Milan Fashion Week and Fashion Law Trends – Top 5 tips for your co-branding agreement

By Elena Varese and Andrea Michelangeli

As the 2020 Spring/Summer Milan Fashion Week goes on, it is now time give you some stylish tips on how to draft your co-branding agreement!

First and foremost, co-branding is a mutual alliance between two or more brands that come together to create a new consumer perception. It combines two different brands and might imply a cross-license of IP rights (mainly trademarks and designs) as well as image rights.

Co-branding can be made by marketing a product which has been jointly devised by two or more fashion companies, with the aim to underline the high quality of the product and of the manufacturers’ capabilities (functional co-branding), or by accompanying a brand of a manufacturer with another one, so as to determine new symbolic attributes to the first brand (symbolic co-branding).

When successful, co-branding alliances enhance visibility, strengthen consumer loyalty, grow profits and help companies to expand into new markets and customers bases. Yet, if not regulated properly, co-branding agreements might lead to a potential loss of the brand value.

So, here you have out top 5 tips for drafting a fashion co-branding agreement!

1. Trial periods – It is crucial for the successful implementation of your co-branding strategy to evaluate carefully your partner’s corporate mission, in order to build a relationship with a partner that reflects similar brand values. To this end, considering a trial period in your co-branding agreement will enable the two parties to test the collaboration and devise reciprocal milestones for the completion of the product’s prototypes and branding strategies. In case something goes wrong, there will be the chance to anticipately terminate the agreement, before the co-branded products are marketed.

2. Ownership of the IP rights on the co-branded products – Establishing who owns the IP rights on the products arising from a co-branding agreement is essential for the success of a co-branding strategy. Typically, this entails the license of already existing designs and the creation of new products exclusively devised for the collaboration, the ownership of which shall be clearly provided. The same applies to the temporary websites, social media contents, domain names and hashtags created in the context of the collaboration.

3. Use of the combined trademark – Another essential provision for a proper co-branding agreement must clarify how and until when the involved trademarks will be used in the course of the collaboration. In this respect, there are several options that run from the mere juxtaposition of the two existing brands to the creation of an original brand, as well as to the use of one brand in the fonts of the other one. To this end, it is important to establish who owns and can register the newly created mark and what are the limitations for its use. Remember that joint ownership of a mark seems to be a fair solution, but a regulation of trademark use shall be carefully crafted. In order to avoid stallmates, it is important to clarify upfront what are the respective uses that need the consent of the other party.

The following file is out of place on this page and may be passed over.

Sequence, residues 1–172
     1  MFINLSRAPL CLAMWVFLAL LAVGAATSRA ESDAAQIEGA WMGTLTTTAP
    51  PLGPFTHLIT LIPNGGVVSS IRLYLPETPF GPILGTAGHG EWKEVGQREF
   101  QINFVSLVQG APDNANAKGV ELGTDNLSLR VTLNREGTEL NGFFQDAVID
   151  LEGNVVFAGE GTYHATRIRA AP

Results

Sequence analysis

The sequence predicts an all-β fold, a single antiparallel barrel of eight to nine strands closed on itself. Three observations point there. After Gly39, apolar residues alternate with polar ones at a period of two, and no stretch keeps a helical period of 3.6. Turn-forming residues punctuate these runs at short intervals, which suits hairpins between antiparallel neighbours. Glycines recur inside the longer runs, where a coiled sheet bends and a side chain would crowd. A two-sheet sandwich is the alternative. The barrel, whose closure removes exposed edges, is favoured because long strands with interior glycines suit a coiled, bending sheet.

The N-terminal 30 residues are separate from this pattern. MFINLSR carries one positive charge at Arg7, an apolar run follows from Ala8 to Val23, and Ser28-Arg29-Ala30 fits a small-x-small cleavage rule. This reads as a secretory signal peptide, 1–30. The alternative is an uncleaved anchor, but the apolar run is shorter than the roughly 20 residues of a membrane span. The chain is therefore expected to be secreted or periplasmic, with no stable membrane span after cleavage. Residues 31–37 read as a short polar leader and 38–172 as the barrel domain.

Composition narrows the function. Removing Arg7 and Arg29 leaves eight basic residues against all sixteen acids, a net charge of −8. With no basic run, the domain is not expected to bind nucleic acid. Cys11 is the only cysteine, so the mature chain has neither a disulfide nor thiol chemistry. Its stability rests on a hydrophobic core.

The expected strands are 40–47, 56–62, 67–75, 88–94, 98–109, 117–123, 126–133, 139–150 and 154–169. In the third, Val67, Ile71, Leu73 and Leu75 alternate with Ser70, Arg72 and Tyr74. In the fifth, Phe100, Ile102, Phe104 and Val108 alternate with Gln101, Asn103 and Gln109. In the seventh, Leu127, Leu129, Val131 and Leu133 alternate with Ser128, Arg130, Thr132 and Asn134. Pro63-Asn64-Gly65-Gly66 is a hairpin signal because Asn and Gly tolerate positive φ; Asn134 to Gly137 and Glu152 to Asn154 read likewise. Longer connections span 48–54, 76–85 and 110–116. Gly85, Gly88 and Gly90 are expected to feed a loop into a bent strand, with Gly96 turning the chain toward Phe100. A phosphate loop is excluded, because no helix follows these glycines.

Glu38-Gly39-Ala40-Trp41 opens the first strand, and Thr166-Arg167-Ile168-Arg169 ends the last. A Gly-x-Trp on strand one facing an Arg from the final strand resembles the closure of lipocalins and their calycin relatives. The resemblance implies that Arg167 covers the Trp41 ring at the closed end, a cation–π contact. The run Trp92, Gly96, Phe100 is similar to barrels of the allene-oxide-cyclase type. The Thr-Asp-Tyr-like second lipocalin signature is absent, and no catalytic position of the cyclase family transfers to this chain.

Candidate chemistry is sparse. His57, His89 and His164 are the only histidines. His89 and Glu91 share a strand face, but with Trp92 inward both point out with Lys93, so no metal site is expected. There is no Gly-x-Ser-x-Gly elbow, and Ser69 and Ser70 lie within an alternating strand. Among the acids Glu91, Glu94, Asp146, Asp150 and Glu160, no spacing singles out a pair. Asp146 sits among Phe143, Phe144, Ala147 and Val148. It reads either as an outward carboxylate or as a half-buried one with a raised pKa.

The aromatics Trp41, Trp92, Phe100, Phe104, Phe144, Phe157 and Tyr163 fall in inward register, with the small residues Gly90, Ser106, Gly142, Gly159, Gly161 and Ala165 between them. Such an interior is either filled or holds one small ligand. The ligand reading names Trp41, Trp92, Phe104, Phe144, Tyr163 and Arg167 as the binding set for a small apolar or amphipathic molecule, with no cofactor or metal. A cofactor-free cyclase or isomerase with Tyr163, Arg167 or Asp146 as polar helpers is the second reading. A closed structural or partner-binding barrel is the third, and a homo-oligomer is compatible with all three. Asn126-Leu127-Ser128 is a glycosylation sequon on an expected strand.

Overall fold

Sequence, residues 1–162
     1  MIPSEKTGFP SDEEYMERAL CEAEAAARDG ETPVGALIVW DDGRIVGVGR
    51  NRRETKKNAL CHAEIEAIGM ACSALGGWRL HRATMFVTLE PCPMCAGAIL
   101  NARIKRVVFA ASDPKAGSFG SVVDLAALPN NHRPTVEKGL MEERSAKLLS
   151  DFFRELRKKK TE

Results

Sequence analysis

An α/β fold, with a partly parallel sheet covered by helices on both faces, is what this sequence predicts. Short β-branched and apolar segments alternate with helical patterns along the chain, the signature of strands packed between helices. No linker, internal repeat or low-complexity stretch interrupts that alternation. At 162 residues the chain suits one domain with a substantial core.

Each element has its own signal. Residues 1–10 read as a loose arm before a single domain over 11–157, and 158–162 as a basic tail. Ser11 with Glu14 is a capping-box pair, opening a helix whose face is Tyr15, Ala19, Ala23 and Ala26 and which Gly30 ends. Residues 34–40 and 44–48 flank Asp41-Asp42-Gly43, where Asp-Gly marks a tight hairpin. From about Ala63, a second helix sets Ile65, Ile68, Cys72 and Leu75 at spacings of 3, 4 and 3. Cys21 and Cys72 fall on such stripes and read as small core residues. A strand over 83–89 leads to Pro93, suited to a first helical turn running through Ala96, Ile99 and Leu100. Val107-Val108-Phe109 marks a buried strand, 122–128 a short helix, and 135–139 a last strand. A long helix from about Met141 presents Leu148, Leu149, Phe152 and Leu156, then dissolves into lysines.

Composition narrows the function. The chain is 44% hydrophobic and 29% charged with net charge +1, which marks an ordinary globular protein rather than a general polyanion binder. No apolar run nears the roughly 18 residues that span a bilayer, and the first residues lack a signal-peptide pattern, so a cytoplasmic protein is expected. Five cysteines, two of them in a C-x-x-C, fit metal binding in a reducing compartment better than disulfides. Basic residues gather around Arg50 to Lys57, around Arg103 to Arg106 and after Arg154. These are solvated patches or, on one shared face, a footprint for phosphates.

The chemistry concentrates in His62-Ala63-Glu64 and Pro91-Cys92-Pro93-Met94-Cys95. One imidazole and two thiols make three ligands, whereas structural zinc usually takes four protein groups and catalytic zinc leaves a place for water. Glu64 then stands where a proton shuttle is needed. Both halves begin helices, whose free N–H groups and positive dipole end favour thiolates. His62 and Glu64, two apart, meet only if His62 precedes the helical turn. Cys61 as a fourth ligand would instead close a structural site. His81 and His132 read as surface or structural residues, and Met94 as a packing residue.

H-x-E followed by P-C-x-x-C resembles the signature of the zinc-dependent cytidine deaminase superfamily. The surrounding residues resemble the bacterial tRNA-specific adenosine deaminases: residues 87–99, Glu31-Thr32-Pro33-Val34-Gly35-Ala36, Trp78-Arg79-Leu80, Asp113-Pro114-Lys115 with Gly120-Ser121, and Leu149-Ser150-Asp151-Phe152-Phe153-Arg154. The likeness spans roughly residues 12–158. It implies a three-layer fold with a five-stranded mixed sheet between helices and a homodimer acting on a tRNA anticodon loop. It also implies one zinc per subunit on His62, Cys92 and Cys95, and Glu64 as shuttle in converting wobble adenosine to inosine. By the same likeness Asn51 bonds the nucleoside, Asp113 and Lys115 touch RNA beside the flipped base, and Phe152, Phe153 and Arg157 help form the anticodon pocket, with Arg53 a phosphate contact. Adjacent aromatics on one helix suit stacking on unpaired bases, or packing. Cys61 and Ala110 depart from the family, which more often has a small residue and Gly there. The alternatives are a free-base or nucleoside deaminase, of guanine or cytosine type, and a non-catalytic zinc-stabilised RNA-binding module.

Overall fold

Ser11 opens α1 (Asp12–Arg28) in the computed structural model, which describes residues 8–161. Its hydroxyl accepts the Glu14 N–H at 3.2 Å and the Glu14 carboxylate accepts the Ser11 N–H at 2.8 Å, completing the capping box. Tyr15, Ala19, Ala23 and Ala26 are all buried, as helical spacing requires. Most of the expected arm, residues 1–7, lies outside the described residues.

4. Sale and advertising of the products – Devising a joint marketing strategy is also key in the context of a co-branding agreement, by clarifying how the brands will appear and through which channels (websites, social media, involvement of influencers, TV or YouTube ads, etc.). Approval rights of the marketing campaigns and the liabilities arising from the devising of such campaigns are crucial. The same applies to the responsibility for potentially defective or infringing products.

5. Post-termination rights – Time is also an important factor, as co-brandings are successful only if the concerned trademarks are used for a limited period, to avoid blurring the distinctive capacity of the respective marks. Post termination rights to cease any use of the products as well as of the relevant advertising materials shall envisage clear time limits. Further, setting-up in advance who will be in charge of the sale of the co-branded products will bring the issue of how the remaining stock of co-branded products shall be sold-out. Typically, no sale-out of co-branded products is allowed outside the collaboration period.

With these hints, your co-branding agreement is all set and the relevant products are ready for the catwalk!

If you would like to know more about co-branding agreements or fashion licensing in general, please contact and